The advent of satellite-based elevation dataset acquired by Shuttle Radar Topography Mission (SRTM) made new and novel techniques possible to model hydrological process in midsize to large scale watersheds. This application is important in regions with poor photogrammetric coverage and land use in appropriate scale like Mumbai. Watershed parameters include slope, area, perimeters and mean elevation are derived from SRTM dataset. SRTM-DEM (digital elevation model) can be used for extracting watershed parameters with a reasonable degree of accuracy. In this study, drainage analysis will be performed on a terrain model for Mumbai area draining into Mithi River. The Arc Hydro tool and HecGeoHMS extension into ArcMap 10.1 are used to derive several data sets that collectivity describe the drainage patterns of the Mithi River catchment. Raster analysis is performed to generate data on flow direction, flow accumulation, stream definition, stream segmentation, and watershed delineation. These data are then used to develop a vector representation of catchments and drainage lines from selected points. The utility of Arc Hydro tools is used to develop attributes that can be useful in hydrologic modeling. The main data is the DEM with 3 arcs second to get as much accurate results as could. The obtained catchment of Mithi River is verified with Google earth. The obtained river and its tributaries are found to be matching with Google earth. © 2014, Central Board of Irrigation and Power. All rights reserved.

Guner Y.,Environmental Engineer | Kayhan F.E.,Marmara University | Balkis N.,Istanbul University | Aksu A.,Istanbul University | Kaymak G.,Sakarya University
Pakistan Journal of Zoology | Year: 2016

The aim of this study was to determe cadmium and lead concentrations in the whole soft tissue of the black mussels (Mytilus galloprovincialis Lamarck, 1819) (n=60) caught from Pendik district coasts of Istanbul, Turkey. According to legal standards of Turkish Food Codex (TFC) and United Nations Environment Programme (UNEP) standards the level of Cd was low white that of Pb was high. The highest Pb concentration found in the whole soft tissue of mussels at S4 was 8.66 (February), 6.64 (January), 4.72 ppm Pb (July 2011) whereas in S5 it is 8.66 (November), 8.14 (February), 6.64 (October), 4.57 ppm (June 2012). Copyright 2016 Zoological Society of Pakistan.

Mimouni A.,Degremont | Kuzmyak N.,Environmental Engineer | Oort E.V.,University of Texas at Austin | Sharma M.,University of Texas at Austin | Katz L.,University of Texas at Austin
World Environmental and Water Resources Congress 2015: Floods, Droughts, and Ecosystems - Proceedings of the 2015 World Environmental and Water Resources Congress | Year: 2015

One of the main challenges in the reuse of flowback and produced water in slickwater hydraulic fracturing is the compatibility between additives and high total dissolved solids (TDS) concentrations, which are the most difficult contaminants to remove. Typical polyacrylamide friction reducers show reduced effectiveness in water with high ionic content, so water must either be treated or diluted with freshwater to reduce salt content before reuse. The case for directly reusing produced water with high salt content is presented in this research. The first part of the study ascertains the effectiveness of various friction reducers in brines. While typical polyacrylamide friction reducers lose their efficacy at high salt concentrations, we have identified other polymers that are generally resistant to changes in salt concentration. The second part of the research assesses not only the effect of pumping high-TDS water into a formation, but also the impacts of salt-tolerant friction reducers on shale stability and fracture conductivity. Shale compatibility experiments determined that injecting water with a higher salinity into a water-sensitive formation can benefit shale stability. In addition, the friction reducing agents were shown to have secondary stabilizing effects on shale. © 2015 ASCE.

Walker W.W.,Environmental Engineer | Kadlec R.H.,Chelsea Management
Critical Reviews in Environmental Science and Technology | Year: 2011

Longitudinal gradients in phosphorus (P) stored in the water column, vegetation, and soils develop in the wetlands where inflow P concentrations exceed background levels. Before the mid 1990's, the Everglades regional P gradient ranged from 100-200 mg L -1 in marsh inflows to background levels of 4-8 mg L -1. Subsequent implementation of P controls, including agricultural Best Management Practices and Stormwater Treatment Areas (STAs), has reduced the average inflow concentration along the northern edge of the Water Conservations Areas to approximately 30-50 mg L -1. Additional P controls are being implemented and further measures beyond those currently planned will be required to restore the entire marsh. The authors describe the evolution and application of relatively simple mass-balance models to simulate P storage and cycling processes along P gradients in the STAs and marsh. The models are practical tools with historical and future applications to designing P control measures involving source controls, water management, reservoirs, and STAs, as well as forecasting marsh responses to implementation of those control measures. Copyright © 2011 Taylor & Francis Group, LLC.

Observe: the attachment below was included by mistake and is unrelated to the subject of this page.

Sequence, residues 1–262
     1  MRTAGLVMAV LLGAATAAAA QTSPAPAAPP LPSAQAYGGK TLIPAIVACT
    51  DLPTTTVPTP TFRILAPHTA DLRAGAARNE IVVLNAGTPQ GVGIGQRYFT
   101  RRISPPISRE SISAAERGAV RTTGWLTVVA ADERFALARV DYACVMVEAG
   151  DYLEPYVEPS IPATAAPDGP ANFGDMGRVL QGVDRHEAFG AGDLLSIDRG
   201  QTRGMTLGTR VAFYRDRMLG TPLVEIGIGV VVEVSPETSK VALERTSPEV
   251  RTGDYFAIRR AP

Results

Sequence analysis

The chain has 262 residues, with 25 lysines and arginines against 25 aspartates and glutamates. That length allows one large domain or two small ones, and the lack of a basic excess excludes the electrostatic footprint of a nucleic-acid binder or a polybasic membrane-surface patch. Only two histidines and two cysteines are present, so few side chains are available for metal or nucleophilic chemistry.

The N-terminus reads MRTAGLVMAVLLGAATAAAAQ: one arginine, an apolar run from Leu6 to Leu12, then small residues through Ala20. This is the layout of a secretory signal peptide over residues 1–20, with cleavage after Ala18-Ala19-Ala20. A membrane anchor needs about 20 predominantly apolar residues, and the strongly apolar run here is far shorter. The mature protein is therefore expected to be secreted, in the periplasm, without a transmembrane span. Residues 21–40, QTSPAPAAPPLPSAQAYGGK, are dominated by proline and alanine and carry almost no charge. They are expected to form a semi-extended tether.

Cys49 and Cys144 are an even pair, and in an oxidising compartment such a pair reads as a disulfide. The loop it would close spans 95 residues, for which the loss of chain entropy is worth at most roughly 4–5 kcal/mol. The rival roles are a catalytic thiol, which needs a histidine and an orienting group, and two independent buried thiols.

Pitta B.E.,Environmental Engineer | Palmer R.N.,University of Massachusetts Amherst
World Environmental and Water Resources Congress 2011: Bearing Knowledge for Sustainability - Proceedings of the 2011 World Environmental and Water Resources Congress | Year: 2011

Reservoir development on the Connecticut River Basin has altered the natural hydrograph and detrimentally affected the region's aquatic ecosystems that thrive on natural variability. This paper examines ways in which flows in the river and its tributaries can be returned to a more natural regime without negatively impacting other users. The analysis offers alternative operations to meet various objectives as well as evaluates the impacts of climate change on the basin. This paper focuses on the upper third of the basin as a proof of concept to demonstrate the decision support system and to generate initial results for the larger effort. © 2011 ASCE.

McAllister C.D.,Southeast Missouri State University | Ortiz A.Y.,Southeast Missouri State University | Southards T.J.,Environmental Engineer
Proceedings of the Institution of Civil Engineers: Water Management | Year: 2015

This study examines the ability of in-service domestic wastewater treatment facilities, as opposed to controllable laboratory experiments, to remove ammonia utilising recirculating sand filters (RSFs). Permitted facilities in Missouri, USA, are required to regularly sample, analyse and report discharged water quality. The Missouri Department of Natural Resources stores the results in a central database, which was queried and analysed to assess the performance of these facilities in both the summer and winter seasons and to determine if a correlation exists between ammonia removal and flow capacity. The RSFs were found to discharge ammonia under 44 mg/l 95% of the time in winter and under 30 mg/l in summer. No correlation between performance and flow was found. The results of the study suggest that RSF technology is presently unable to treat ammonia in domestic wastewater to meet acceptable water quality standards for surface discharge. ©.ICE Publishing: All rights reserved.